Counseling Students' Responsibility Attributions on Diverse Clients and Trauma Survivors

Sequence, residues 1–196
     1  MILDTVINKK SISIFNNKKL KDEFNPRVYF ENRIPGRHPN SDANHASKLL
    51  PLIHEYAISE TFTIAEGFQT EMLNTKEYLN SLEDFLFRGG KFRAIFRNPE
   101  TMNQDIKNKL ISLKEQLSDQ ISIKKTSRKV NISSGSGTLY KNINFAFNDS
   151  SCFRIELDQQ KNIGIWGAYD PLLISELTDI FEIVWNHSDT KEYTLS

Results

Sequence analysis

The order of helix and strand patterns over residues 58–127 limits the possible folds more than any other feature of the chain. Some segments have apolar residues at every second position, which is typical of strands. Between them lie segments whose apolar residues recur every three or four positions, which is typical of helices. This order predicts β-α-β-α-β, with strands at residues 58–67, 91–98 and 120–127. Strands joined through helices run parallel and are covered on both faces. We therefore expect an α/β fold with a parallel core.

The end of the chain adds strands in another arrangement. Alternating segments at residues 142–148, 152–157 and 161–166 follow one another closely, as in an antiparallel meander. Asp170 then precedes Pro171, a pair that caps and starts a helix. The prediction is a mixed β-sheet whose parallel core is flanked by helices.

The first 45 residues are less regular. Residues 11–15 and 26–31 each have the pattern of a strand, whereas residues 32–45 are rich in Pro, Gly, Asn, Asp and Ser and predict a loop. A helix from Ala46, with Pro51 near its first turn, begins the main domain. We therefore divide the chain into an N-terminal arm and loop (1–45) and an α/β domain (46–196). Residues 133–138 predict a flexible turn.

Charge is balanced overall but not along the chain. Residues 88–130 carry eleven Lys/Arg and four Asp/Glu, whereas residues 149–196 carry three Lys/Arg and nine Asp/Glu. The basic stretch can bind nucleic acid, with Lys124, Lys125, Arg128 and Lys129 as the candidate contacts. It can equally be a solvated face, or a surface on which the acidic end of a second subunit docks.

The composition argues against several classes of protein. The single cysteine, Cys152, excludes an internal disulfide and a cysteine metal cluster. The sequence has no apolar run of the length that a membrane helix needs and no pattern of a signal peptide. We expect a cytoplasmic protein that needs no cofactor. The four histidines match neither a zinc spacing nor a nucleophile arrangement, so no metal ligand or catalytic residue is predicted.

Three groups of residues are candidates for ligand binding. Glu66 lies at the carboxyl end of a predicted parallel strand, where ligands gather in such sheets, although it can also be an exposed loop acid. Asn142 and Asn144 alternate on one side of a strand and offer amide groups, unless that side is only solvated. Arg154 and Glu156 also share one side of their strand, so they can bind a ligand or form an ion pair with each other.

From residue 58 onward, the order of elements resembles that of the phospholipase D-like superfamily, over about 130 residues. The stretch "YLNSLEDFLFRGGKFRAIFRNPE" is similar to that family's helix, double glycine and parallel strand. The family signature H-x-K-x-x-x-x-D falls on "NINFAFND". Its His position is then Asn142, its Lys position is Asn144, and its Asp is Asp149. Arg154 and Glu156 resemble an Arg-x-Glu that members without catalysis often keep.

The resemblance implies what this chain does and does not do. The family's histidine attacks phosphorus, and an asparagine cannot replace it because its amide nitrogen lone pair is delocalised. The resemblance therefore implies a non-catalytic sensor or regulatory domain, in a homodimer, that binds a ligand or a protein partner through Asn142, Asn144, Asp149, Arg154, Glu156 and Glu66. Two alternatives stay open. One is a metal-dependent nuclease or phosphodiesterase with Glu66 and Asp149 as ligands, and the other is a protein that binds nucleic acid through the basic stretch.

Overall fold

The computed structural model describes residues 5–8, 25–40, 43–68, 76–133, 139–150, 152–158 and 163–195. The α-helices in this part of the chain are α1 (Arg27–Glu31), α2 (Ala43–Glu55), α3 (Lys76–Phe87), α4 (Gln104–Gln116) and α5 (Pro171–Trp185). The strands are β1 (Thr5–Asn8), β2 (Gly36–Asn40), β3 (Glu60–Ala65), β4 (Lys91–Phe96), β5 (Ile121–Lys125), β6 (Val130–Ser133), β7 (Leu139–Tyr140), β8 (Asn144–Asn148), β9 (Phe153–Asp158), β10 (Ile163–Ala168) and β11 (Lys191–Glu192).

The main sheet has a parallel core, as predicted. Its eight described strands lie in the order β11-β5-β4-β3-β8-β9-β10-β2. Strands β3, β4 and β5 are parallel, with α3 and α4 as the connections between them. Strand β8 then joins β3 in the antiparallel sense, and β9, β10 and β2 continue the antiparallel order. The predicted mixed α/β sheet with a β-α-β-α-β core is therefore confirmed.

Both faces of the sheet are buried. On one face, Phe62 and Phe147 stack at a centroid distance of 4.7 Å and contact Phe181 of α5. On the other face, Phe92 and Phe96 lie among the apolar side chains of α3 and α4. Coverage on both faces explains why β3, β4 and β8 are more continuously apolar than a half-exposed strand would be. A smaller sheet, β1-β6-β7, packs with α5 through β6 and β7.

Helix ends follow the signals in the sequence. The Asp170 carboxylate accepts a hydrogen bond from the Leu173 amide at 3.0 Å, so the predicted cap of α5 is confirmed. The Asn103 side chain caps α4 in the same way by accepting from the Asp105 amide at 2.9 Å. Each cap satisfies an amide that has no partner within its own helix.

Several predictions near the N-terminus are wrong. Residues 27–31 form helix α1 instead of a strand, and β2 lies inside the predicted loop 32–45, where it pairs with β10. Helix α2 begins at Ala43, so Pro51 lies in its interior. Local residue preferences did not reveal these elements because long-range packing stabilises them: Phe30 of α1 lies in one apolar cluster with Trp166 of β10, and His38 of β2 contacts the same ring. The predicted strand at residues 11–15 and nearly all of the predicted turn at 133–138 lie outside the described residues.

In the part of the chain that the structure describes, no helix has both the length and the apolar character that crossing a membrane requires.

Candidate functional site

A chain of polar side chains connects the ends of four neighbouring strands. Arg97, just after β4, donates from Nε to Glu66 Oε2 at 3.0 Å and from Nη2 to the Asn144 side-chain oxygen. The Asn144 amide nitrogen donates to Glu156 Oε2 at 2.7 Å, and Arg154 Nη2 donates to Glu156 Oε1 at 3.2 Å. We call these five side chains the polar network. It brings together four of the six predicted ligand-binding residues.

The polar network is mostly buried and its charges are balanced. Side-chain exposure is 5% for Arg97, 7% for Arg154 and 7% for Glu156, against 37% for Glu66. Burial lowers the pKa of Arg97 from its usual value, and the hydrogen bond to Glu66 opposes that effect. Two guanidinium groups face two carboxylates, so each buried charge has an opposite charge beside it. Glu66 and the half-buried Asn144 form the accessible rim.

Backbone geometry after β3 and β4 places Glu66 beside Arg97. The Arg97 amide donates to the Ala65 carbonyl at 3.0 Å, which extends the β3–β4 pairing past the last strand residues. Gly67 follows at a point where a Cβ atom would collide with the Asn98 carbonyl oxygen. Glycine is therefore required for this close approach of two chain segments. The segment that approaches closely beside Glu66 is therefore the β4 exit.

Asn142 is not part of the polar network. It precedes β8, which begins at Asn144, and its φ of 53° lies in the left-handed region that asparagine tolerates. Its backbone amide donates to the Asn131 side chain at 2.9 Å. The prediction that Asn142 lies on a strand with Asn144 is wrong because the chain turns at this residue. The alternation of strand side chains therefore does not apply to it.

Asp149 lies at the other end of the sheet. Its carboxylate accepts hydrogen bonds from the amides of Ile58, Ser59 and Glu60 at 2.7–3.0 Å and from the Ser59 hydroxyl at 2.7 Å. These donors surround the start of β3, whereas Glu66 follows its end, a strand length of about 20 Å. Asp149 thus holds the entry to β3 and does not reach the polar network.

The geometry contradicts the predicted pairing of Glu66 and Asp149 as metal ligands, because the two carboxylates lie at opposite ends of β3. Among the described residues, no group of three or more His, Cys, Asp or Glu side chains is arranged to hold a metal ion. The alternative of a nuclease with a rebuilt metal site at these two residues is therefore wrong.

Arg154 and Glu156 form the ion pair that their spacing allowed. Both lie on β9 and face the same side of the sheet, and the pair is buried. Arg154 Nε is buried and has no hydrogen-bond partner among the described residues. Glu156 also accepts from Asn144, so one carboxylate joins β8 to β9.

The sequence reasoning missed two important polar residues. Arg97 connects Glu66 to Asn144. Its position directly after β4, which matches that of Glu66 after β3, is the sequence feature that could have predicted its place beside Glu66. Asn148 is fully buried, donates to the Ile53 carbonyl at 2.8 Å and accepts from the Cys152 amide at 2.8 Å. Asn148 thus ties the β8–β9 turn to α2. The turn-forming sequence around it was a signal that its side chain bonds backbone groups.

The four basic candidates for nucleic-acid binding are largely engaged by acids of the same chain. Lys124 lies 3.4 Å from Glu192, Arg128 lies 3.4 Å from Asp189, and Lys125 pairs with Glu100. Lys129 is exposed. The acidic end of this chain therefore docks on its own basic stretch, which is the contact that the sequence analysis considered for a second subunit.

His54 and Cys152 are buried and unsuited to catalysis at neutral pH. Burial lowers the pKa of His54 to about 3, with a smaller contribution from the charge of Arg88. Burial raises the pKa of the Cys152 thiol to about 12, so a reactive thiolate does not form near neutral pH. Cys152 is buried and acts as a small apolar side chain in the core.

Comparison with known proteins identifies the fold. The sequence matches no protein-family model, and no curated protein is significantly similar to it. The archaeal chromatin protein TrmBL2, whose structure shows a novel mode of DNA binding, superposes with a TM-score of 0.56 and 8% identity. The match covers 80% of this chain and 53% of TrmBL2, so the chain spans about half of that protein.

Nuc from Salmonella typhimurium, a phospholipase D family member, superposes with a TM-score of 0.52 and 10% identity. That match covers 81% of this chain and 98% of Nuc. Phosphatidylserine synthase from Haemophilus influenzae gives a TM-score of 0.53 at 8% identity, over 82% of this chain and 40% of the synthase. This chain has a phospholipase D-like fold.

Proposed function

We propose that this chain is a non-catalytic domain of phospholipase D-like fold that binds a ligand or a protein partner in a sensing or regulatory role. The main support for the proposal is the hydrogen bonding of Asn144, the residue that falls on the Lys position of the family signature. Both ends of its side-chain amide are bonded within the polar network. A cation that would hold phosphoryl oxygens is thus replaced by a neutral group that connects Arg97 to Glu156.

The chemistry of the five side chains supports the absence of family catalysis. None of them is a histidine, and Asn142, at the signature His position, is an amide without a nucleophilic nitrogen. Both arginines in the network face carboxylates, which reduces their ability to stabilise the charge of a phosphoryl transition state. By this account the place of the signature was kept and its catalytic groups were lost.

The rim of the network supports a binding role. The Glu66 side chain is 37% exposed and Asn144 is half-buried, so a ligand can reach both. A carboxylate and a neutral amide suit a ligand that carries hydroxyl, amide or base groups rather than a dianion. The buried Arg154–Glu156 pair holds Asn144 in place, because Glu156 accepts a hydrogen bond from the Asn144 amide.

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How counseling students attribute responsibility to their clients' presenting concerns, and determine the solution to those concerns, influences the therapeutic relationship, client retention, and overall counseling efficacy (Greenleaf, Williams, & Duys, 2015). Despite the negative effects of attribution errors in counseling, little research has focused on how counseling students attribute responsibility to their clients' problems or solutions, especially within the context of diverse clients or trauma survivors. This study attempted to fill gaps in the literature by assessing counseling students' attributions of problem cause and solution for diverse clients and trauma survivors. The model of helping and coping developed by Brickman et al. (1982) was used to measure responsibility attributions for problem cause and solution by utilizing hypothetical client vignettes that varied in racial/ethnic background, or with the addition of a trauma history. A total of 217 counseling students from counseling programs around the United States participated in the study, with a total of 28 states being represented in the sample. Two separate two-way factorial ANOVA's (CRF-32) were conducted to determine effects of client race/ethnicity (Black/African American, Latino, or White) and the addition of a trauma history (yes or no) on counseling students' responsibility attributions of problem cause and problem solution. The interaction between these two variables was not significant for problem cause (F(2,211) = 1.208, p = .301) or problem solution (F(2,211) = .051, p = .95). The main effect of race/ethnicity was not significant for problem cause (F(2,211) = 1.803, p = .167) or solution (F(2,211) = 1.252, p = .288). The main effect of trauma history (yes or no) was significant for problem cause (F(1,211) = 58.251, p < .001) but was not significant for problem solution (F(1,211) = .048, p = .827). These findings suggest that the addition of a trauma history influences counseling students' views on their clients' presenting concerns by increasing their consideration for external factors while mitigating personal blame on the client. Implications and limitations to the study are discussed.
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